October 16, 2020
In this Issue
Here are some of the news articles we are following:
- How Cruise Companies Prevent Onboard Coronavirus Spread
- Cruise ships worldwide with more than 250 people will test all passengers, crew for COVID-19
- Royal Caribbean Chairman Fain: 'Winds of Change in the Air'
- Will Hawaii welcome cruise ships back soon?
- Viking Expeditions Is Starting to Recruit Heavily
- A-Rosa River Cruises’ ship, “A-Rosa Silva” has resumed sailing on the Rhine and Main rivers
- Royal Caribbean Chairman Says Test Sailings Will Take Place First
- Meeting Between Cruise Lines and White House Postponed Due to COVID-19
- UK Cruise Industry develops new COVID-19 Framework for operators
- Norwegian Cruise Line cancels all November sailings
- Holidays at sea are slowly returning – how are the major cruise lines faring?
- When Will Each Cruise Line Resume Sailings Again?
- SeaDream announces winter season with roundtrip cruises from Barbados
- Cruise Industry CEOs Express Confidence in the Future of Cruising
- Cruise Ships Back in Service: October Update
- Cruise industry unveils mandatory rules for safe sailing during COVID-19 pandemic (video)
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How Cruise Companies Prevent Onboard Coronavirus Spread
"There are “three layers of defense” against onboard coronavirus outbreaks, said Grant Tarling, the chief medical officer at Carnival Corporation. The first one is testing. “Testing is obviously a very sensitive method, so we have to rely on testing being our first gate,” he said during a virtual trade event. “[But] we can’t rely on one layer – this would fail.” The second layer, Tarling says, is monitoring for specific symptoms. “COVID-19 has a wide variety of symptoms, so we screen for all those symptoms through declaration processes [and by performing] temperature assessments,” he said. Once guests or crew members have gone through these two-gate criteria, asserted that they didn’t come in contact with anybody who tested positive for the coronavirus, and embarked on a vessel, the monitoring does not stop."
Cruise ships worldwide with more than 250 people will test all passengers, crew for COVID-19
"Cruise lines around the world have committed to testing every passenger and crew member for COVID-19 before boarding, the industry's leading trade group, Cruise Lines International Association, said Tuesday. "CLIA ocean cruise line members worldwide have agreed to conduct 100% testing of passengers and crew on all ships with a capacity to carry 250 or more persons – with a negative test required for any embarkation," Bari Golin-Blaugrund, vice president of strategic communications for Cruise Lines International Association, told USA TODAY in a statement. "The global policy applies to ships capable of carrying 250 or more people, which is consistent with the policy in place as it relates to ships sailing from U.S. ports," Golin-Blaugrund said. The CDC's "no-sail" order bars ships that can carry at least 250 passengers from cruising in U.S. waters until Nov. 1. The testing requirement is "effective immediately worldwide," Golin-Blaugrund said. CLIA's member lines carry 95% of the world's oceangoing cruisers."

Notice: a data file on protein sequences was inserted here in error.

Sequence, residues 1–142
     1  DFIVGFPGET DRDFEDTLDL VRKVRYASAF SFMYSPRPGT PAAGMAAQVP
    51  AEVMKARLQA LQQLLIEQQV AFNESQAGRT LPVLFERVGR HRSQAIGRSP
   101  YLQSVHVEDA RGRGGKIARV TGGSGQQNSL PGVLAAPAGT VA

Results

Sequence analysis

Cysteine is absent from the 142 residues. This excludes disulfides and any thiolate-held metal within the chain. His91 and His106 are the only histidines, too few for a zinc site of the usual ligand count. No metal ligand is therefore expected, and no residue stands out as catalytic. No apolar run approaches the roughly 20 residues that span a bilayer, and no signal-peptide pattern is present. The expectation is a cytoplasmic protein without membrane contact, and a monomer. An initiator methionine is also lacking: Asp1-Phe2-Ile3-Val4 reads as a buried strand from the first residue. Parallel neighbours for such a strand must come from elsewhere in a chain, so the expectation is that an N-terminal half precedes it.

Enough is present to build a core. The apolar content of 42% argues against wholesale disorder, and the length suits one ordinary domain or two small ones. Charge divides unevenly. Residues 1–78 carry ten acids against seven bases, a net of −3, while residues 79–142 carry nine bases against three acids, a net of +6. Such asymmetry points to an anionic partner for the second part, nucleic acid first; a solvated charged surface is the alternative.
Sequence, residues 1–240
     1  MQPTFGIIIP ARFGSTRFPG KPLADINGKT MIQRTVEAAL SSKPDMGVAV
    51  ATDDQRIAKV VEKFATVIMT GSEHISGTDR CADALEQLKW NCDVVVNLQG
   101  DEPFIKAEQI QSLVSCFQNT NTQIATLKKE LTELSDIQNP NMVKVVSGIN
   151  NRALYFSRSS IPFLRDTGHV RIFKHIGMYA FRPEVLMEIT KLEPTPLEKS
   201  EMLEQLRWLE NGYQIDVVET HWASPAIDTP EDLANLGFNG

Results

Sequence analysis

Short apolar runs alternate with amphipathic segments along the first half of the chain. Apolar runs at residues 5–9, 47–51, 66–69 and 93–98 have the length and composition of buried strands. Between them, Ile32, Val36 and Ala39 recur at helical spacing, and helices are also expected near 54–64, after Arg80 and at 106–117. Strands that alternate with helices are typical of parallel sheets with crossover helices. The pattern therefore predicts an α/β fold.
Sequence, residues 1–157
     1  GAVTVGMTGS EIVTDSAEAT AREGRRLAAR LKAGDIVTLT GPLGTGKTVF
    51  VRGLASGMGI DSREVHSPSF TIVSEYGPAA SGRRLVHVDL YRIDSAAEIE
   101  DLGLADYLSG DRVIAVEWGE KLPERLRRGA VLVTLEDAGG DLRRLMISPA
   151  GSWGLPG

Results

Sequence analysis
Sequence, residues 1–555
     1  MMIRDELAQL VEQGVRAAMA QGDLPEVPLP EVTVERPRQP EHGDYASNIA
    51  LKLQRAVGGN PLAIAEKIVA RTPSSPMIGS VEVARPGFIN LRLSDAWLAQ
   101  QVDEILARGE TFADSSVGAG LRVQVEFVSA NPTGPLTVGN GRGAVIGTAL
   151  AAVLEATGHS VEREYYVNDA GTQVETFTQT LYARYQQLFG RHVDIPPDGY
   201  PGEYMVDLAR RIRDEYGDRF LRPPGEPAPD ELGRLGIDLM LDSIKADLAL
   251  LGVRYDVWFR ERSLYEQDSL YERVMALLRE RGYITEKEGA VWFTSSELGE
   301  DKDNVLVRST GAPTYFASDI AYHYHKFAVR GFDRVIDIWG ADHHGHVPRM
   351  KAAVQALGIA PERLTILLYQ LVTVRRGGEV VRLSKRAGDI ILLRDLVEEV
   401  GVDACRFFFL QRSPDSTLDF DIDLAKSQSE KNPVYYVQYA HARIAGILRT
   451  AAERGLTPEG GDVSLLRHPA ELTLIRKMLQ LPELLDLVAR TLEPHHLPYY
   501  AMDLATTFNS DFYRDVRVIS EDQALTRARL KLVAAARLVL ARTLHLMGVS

Royal Caribbean Chairman Fain: 'Winds of Change in the Air'
"In his latest video update, Royal Caribbean Group Chairman Richard Fain said that there are now numerous examples of the pandemic being managed and mitigated, while he also wished U.S. President Donald Trump and the First Lady well. "I'm not going to minimize the trauma this coronavirus has caused," said Fain, adding that progress is being made. Fain said that the winds of change were in the air, and there were some very positive developments happening among "all the negative news," mentioning new drug and treatment options that make the illness less threatening. "The improvement of our country's ability to test has been phenomenal," Fain explained. He said that new tests were more economical and faster, and in the near-term, testing would be key. "Faster, cheaper and wide-spread testing will be much more impactful sooner," he said, which will lead to better contact tracing in hopes of combating the pandemic."
Will Hawaii welcome cruise ships back soon?
"Come November 1, larger cruise ships could return to Hawaii’s waters. However, it is probably not going to be smooth sailing at first for the cruise shipping industry. Back in March, the USA's agency CDC issued a travel advisory saying United States citizens, particularly those with underlying conditions, should not travel by cruise ship. The CDC then issued a “no-sail” order for ships with the capacity to carry at least 250 guests in waters subject to U.S. jurisdiction. The CDC had wanted the order extended to keep cruise ships docked until mid-February. The White House, however, intervened, and the order was extended only through October 31, a date that most of the cruise industry had voluntarily agreed to honour anyway.
It is still unclear how many cruise liners might return to Hawaii this year or what the public safety plan of the state is for their return. Sailing could be challenging given that an inter-island quarantine is still existing and there are differing Coronavirus (COVID-19) restrictions that could interfere with port calls, activities, and attractions."
Viking Expeditions Is Starting to Recruit Heavily
"Viking is entering the expedition market with two purpose-built 378-guest ships and is starting to accelerate its recruitment drive for expedition staff. With ships that are slightly larger, Viking will carry a bigger expeditions staff than most, and is looking to fill out its roster with current openings for expedition leader, assistant expedition leader, expedition program coordinator, lead kayak guide, polar historian, and penguin biologist/specialist. Interested parties can apply on the Viking website here. Having built up river and ocean programs, Viking is starting its foray into the expedition market in time for the 2021-2022 season with the Viking Octantis. For the 2022 summer, the ship is expected to sail in the Great Lakes."
A-Rosa River Cruises’ ship, “A-Rosa Silva” has resumed sailing on the Rhine and Main rivers
"The ship restarted on Sunday 27 September 2020 and this move means that all four of A-ROSA’s Rhine ships are now back operating. Jörg Eichler, CEO of A-ROSA Flussschiff GmbH, comments: “Germany is currently one of the few countries where international guests can travel to without having to quarantine on return. Now that we have additional capacity, we would encourage agents who have any clients who are looking to get away soon to consider river cruising as an option. The ship remains within Germany at all times and these are beautiful, scenic routes are perfect for an autumn or pre-Christmas holiday. We’ve been back successfully sailing on the Rhine for over three months now, have a comprehensive health and hygiene concept in place and the feedback from our guests tells us that they feel safe onboard and fully able to relax and enjoy their holiday.” The ship is currently operating a series of seven night ‘Main Romantic’ cruises sailing the route from Cologne to Nuremberg or vice versa."